Federal regulators opened a preliminary probe into the autopilot feature on a Tesla Model S electric car after a fatal crash involving the technology, Tesla said Thursday.
The fatality – thought to be the first in the auto industry related to an autopilot feature – sparked questions about the limitations of the technology and its place in what is seen as an inevitable march toward self-driving vehicles. It followed other recent incidents in which drivers reported collisions while using such technology.
The male driver died in a May 7 crash in Williston, Fla., when a big rig made a left turn in front of his Tesla.
In a blog post, Tesla Motors Inc. said the 2015 car passed under the trailer, with the bottom of the trailer hitting the Model S’ windshield.
“Neither autopilot nor the driver noticed the white side of the tractor-trailer against a brightly lit sky, so the brake was not applied,” Tesla said.
“Autopilot is getting better all the time but it is not perfect and still requires the driver to remain alert,” the Palo Alto-based company said in the post.
Tesla noted that the autopilot technology comes disabled and requires “explicit acknowledgement” from the driver before activation that the system is still in a public beta phase.
When autopilot is activated, “the car reminds the driver to ‘Always keep your hands on the wheel. Be prepared to take over at any time.’”
The company noted that when drivers activate the feature, “the car reminds the driver to ‘Always keep your hands on the wheel. Be prepared to take over at any time.’ “
Analysts generally agreed that the Tesla fatality would be more a wake-up call to motorists that the autopilot features are fallible rather than a major hit against Tesla’s brand reputation.
“We do not yet have fully autonomous cars,” said Karl Brauer, a senior analyst at Kelley Blue Book. “It might be this tragic event starts a kind of movement of educating consumers.”
NHTSA said it would evaluate “the design and performance of automated driving systems in the Tesla Model S” along with investigating the vehicle and the crash scene.
The agency said it also would “gather additional data regarding this incident and other information regarding the automated driving systems.”
Scott Galloway, founder of the brand research firm L2, said the momentum of self-driving technology likely will continue despite the tragedy.
“Unless statistics show this is not only as dangerous but more dangerous than traditional modes of driving, I don’t think you’re going to see a slowdown” in using the technology, he said.
George Peterson, president of the research firm AutoPacific Inc. in Tustin, said the issue of the Tesla Model S’ sensors not picking up the white truck during a bright day is similar to issues involving autonomous vehicles and snow, as it can be difficult to determine the center line of the road or lane markers.
“Those are technology issues that the manufacturers are trying to sort out right now,” Peterson said. “They’re making a lot of progress really quickly, but it’s not a foolproof system, as this shows.”
He said adding beta options in cars such as Tesla’s autopilot feature is “pretty unusual” but that Tesla adds disclaimers before use. Peterson also said that he didn’t think the crash would deter Tesla customers.
“Tesla seems to be a Teflon company,” he said. “Even though Tesla doesn’t sell a tremendous amount of cars, their stock price is hugely high, and there’s a huge group of Tesla fans out there. I don’t think it’ll put them off – I think it’ll make them more cautious when they’re using autopilot.”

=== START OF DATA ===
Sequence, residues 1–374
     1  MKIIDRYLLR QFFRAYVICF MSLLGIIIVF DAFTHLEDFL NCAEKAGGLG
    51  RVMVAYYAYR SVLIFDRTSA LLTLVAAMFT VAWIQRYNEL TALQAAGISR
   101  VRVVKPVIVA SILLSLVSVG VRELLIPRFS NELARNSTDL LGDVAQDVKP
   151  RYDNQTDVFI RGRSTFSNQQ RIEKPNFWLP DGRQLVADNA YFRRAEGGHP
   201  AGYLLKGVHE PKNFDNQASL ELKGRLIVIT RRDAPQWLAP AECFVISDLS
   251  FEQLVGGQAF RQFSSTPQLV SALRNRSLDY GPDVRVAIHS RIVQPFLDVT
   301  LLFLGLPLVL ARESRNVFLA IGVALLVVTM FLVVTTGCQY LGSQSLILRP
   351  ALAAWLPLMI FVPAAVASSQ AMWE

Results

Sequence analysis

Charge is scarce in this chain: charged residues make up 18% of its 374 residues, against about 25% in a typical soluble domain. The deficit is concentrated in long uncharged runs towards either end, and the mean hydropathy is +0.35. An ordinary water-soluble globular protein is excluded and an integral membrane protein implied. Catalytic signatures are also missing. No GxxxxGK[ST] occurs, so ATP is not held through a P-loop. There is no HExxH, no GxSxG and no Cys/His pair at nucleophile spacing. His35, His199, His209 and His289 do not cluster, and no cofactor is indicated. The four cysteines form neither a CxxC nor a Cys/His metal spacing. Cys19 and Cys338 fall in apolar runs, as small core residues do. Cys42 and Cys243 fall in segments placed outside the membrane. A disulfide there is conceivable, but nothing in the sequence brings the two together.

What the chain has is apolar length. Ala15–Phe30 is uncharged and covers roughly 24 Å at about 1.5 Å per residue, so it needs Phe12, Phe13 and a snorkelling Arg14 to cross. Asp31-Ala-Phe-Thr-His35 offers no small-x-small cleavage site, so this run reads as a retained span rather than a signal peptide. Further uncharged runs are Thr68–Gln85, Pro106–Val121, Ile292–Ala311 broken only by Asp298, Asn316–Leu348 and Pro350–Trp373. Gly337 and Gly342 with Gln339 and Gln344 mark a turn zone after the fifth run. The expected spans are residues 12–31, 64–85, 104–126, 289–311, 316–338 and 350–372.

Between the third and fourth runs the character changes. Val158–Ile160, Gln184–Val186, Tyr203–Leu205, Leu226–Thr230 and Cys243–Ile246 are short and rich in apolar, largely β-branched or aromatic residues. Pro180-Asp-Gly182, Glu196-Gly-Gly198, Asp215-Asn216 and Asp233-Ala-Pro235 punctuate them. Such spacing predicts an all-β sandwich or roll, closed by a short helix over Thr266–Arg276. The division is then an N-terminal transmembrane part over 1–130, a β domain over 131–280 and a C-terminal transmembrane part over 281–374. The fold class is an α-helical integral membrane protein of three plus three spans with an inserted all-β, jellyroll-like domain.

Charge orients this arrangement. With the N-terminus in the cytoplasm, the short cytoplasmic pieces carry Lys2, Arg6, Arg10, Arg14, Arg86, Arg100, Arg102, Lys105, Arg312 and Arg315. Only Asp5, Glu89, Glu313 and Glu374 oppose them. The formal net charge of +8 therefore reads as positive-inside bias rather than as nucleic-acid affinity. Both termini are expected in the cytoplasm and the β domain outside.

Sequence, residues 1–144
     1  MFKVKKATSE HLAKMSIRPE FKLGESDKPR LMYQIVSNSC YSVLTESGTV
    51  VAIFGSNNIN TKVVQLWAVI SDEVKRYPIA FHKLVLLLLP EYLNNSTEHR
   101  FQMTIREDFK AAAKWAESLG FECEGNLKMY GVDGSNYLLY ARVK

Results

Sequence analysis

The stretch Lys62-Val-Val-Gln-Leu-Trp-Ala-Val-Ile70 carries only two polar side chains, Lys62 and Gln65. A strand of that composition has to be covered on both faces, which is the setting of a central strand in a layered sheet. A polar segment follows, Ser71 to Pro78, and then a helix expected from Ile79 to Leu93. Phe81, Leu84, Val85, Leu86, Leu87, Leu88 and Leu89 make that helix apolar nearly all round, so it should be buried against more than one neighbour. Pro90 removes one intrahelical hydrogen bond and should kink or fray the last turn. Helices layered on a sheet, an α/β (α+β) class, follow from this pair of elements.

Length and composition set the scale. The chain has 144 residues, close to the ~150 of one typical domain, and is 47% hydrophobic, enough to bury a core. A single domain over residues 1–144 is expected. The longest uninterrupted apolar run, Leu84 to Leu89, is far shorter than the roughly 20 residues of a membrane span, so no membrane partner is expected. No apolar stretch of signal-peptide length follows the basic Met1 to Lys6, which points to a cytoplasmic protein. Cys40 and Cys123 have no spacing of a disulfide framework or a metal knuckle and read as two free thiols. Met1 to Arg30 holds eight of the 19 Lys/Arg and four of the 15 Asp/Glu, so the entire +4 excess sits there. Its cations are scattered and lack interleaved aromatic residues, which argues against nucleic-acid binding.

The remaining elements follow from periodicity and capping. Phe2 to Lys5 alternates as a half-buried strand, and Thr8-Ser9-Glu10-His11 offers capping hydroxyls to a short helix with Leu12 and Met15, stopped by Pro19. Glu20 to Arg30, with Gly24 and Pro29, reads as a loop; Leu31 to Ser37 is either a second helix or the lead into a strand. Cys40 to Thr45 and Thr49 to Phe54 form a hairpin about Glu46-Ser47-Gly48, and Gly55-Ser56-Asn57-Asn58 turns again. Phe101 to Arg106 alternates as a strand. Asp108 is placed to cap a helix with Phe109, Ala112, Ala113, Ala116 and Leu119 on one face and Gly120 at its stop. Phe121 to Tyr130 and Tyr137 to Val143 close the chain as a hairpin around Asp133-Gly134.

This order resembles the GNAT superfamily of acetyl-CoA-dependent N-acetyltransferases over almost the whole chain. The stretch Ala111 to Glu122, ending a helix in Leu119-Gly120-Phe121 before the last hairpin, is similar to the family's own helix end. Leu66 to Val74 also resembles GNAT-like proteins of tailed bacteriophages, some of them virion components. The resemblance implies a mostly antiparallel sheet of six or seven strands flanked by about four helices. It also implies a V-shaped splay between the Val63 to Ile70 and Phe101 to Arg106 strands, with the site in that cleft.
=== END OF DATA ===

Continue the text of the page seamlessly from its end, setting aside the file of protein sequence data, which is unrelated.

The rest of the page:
Tesla’s stock price, which closed at $212.28 on Thursday, fell 2.5% in after-hours trading.
The Model S is Tesla’s mainstay vehicle so far, and the sedan accounted for most of the 50,580 vehicles Tesla delivered last year.
Rob Enderle, president and principal analyst at technology strategy firm Enderle Group, said the fatality was “a reminder that cars on the road haven’t been deployed as self-driving cars, and people shouldn’t be driving them hands-off at freeway speeds on the open road.”
“Autopilot as it’s positioned is the next generation of cruise control where the driver is supposed to stay engaged, where you can’t depend on this to drive the car for you,” he said. “This could’ve been easily driver error. This isn’t a self-driving car.”
One motorist, Alex Roy, said he and two friends drove a Tesla Model S from Los Angeles to New York in 2015 and spent 96% of the drive on autopilot. Roy, an New York City editor at large at TheDrive, a car website, said the only time he felt unsafe was when he took his hands off the wheel for too long. He blamed himself for that.
“I found myself getting overconfident in the system,” said Roy, adding that Tesla makes it clear that the car cannot operate completely autonomously but that it’s tempting to let go of the wheel because the system generally works so well.
“I took my hands off the wheel [at one point] and thought the car was still on autopilot and it wasn’t, and I almost hit something,” he said.
The need to maintain control became clear to Aaron Souppouris when he test-drove a Model S in April. Souppouris, a senior editor at the blog Engadget, said Tesla loaned him the car for an article about the autopilot feature and he drove it about 500 miles around England.
There were times at night, he said, when the car went back and forth within a lane and seemed “skittish,” he said.
Once on autopilot, the car tried to change lanes but then reverted back suddenly, and another time it disengaged the autopilot mode in the middle of a lane switch, Souppouris said. The car did better during the day than at night, he said.
Times staff writers Natalie Kitroeff and Paresh Dave contributed to this report.
3:40 p.m.: This article was updated with comments from George Peterson, Alex Roy and Aaron Souppouris.
2:55 p.m.: This article was updated with additional details.
This article was originally published at 2:04 p.m.